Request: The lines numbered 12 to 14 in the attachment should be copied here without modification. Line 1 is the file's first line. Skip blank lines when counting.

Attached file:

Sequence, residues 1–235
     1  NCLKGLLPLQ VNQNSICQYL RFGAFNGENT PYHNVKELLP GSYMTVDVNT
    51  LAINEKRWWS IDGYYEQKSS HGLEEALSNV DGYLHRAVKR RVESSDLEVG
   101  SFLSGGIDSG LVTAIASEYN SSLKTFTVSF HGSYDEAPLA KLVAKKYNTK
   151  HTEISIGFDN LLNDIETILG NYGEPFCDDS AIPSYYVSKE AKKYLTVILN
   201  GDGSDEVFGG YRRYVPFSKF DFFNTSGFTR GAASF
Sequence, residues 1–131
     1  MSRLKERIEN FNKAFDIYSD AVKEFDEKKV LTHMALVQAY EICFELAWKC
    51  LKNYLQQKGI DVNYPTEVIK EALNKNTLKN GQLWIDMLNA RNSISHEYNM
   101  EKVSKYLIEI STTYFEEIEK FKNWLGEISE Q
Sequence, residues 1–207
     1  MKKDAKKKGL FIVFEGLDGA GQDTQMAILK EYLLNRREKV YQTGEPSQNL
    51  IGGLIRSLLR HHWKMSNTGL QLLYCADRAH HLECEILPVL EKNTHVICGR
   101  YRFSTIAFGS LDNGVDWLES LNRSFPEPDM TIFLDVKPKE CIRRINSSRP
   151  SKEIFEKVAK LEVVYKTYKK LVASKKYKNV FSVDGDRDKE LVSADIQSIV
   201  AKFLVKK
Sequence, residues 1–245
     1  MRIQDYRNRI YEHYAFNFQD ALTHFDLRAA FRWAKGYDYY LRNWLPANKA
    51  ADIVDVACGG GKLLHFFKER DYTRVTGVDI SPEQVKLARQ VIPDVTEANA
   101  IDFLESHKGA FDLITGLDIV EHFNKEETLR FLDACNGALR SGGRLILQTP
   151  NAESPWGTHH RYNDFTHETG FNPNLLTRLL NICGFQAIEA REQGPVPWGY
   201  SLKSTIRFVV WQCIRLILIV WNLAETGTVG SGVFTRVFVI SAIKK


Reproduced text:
     1  MKKDAKKKGL FIVFEGLDGA GQDTQMAILK EYLLNRREKV YQTGEPSQNL
    51  IGGLIRSLLR HHWKMSNTGL QLLYCADRAH HLECEILPVL EKNTHVICGR
   101  YRFSTIAFGS LDNGVDWLES LNRSFPEPDM TIFLDVKPKE CIRRINSSRP